New Survey Offers Snapshot of Nurses’ Job Satisfaction and Career Plans
By Marcia Faller, RN, MSN, EVP and chief clinical officer, AMN Healthcare
February 10, 2010 -- Many feel that a career in nursing is a calling. Others see it as a great employment opportunity. However you define it, most would agree that a nurse’s job isn’t easy. Despite managers’ best efforts, these caregivers deal with large patient loads, physical demands, emotional stress, technical learning curves and bureaucratic challenges.
But would you be surprised to learn that:
- One out of every three nurses is dissatisfied with their current job;
- Nearly 30 percent plan to change positions within a year;
- Nearly half worry that their job is affecting their health;
- More than half think the quality of care has declined since they became a nurse;
- Only six out of 10 would definitely choose a nursing career if they had to do it over.
These are just a few of the results from a new survey of nearly 1,400 registered nurses across the country. Approximately 60 percent of the respondents work as hospital permanent staff, which is similar to the national average. Others work in physicians’ offices/primary care, nursing homes, home health, nursing education, as temporary nurses or in other capacities.
AMN Healthcare’s 2010 Survey of Registered Nurses: Job Satisfaction and Career Plans, which is now available for download, provides a snapshot of how these nurses feel about the nursing industry, their current work and their plans for the future. It also contains a message for health care leaders and nursing administrators about the importance of nurse retention and job satisfaction even during an economic downturn.
As you read through the full results of the survey, note these observations in relation to your own nursing staff and future health care staffing plans:
1. Nurses continue to have a high rate of dissatisfaction. This 2010 survey reinforces earlier studies about the relatively high level of dissatisfaction among nurses. Despite their dedication, many nurses believe that delivering good quality patient care amid competing demands is more difficult than they expected. Even if yours is a Magnet facility and your vacancy rates have dropped in recent months, don’t take anything for granted. Nurses continue to face a number of pressures that need active intervention from management.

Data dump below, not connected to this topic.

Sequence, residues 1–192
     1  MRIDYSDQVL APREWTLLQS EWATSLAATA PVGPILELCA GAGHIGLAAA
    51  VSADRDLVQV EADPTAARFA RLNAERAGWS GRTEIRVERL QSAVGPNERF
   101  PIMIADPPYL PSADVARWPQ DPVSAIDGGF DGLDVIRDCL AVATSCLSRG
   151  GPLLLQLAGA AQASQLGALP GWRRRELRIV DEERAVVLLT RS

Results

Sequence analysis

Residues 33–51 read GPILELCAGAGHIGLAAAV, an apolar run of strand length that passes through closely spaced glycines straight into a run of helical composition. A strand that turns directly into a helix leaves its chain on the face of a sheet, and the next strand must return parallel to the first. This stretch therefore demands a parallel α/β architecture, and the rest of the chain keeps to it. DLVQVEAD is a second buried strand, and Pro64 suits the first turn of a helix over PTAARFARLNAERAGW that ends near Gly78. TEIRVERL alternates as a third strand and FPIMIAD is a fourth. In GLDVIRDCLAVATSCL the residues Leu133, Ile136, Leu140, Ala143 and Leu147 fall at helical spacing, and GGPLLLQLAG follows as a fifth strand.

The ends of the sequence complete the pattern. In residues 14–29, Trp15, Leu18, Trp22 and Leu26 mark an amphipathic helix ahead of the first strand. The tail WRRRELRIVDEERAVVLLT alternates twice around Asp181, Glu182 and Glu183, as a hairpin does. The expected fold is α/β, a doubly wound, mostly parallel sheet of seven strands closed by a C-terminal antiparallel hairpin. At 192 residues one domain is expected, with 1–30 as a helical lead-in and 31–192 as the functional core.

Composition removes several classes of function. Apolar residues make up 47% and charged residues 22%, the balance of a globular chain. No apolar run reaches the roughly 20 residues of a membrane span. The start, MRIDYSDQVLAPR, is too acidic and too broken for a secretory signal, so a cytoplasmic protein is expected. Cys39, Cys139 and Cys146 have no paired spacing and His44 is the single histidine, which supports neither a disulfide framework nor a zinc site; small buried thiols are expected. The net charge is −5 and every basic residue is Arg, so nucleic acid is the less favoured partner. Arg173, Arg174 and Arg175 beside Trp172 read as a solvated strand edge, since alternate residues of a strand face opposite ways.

2. A frightening number of nurses have “exit plans” in the near future. The survey showed that many RNs plan on leaving their jobs, cutting back hours, or taking another position in the next one to three years. Many had responded to the recent economic recession by taking on more hours or even returning to nursing, but they expect to cut back again or leave altogether when the economy rebounds. Do you know how you will replace these workers?
3. Age does matter when it comes to your workforce. Older nurses who responded to the survey tended to be less satisfied with their jobs and more likely to leave in the near future; some of that is due to nearing retirement age. If you have a large contingent of nurses over 55, you might consider offering options like shorter days, different roles that are less stressful or other accommodations that would be more attractive to an older workforce. This could keep your most experienced nurses working longer than they otherwise would.
Although younger nurses were somewhat more satisfied with their jobs and less likely to leave, your investment in their training and their future potential to your organization is obviously worth preserving. Mentoring, coaching and career development opportunities are important for your younger and mid-career nurses.
4. Nursing is seen as a health hazard. Yes, half of the nurses worried that their job was impacting their health; a disturbing statistic. Nurses obviously face a lot of pressure in real life-and-death situations, work physically-demanding shifts, are at risk for catching infections or encountering violence at work, and may not have enough hands to get everything done. Besides the toll this can take on individual nurses, these hazards can impact performance and patient outcomes, call-off rates, disability claims and employee morale. Managers are encouraged to take this problem seriously and find solutions, such as wellness programs, RN task forces and changes in overtime policies.
5. Many RNs see declines in the quality of care. The majority of nurses surveyed thought that the quality of nursing care had declined since they became a nurse. These sentiments may be related to other responses that showed they don’t get to spend enough time with patients, and they believe the nursing shortage has grown worse in recent years. Very few believe that health care reform legislation—if it happens at all now—will supply an adequate number of nurses to meet future demand. Instead of relying on government help, managers will have to address these issues by improving operational efficiencies and finding the right mix of permanent and supplemental staff to provide quality care despite fluctuating needs.
As a snapshot of nurses’ satisfaction rates and career plans, this survey can be used to help healthcare leaders see the bigger picture and change nursing for the better—listening and attending to our nursing workforce in order to minimize turnover and dissatisfaction rates in the months and years ahead.
For more information, download AMN’s 2010 Survey of Registered Nurses.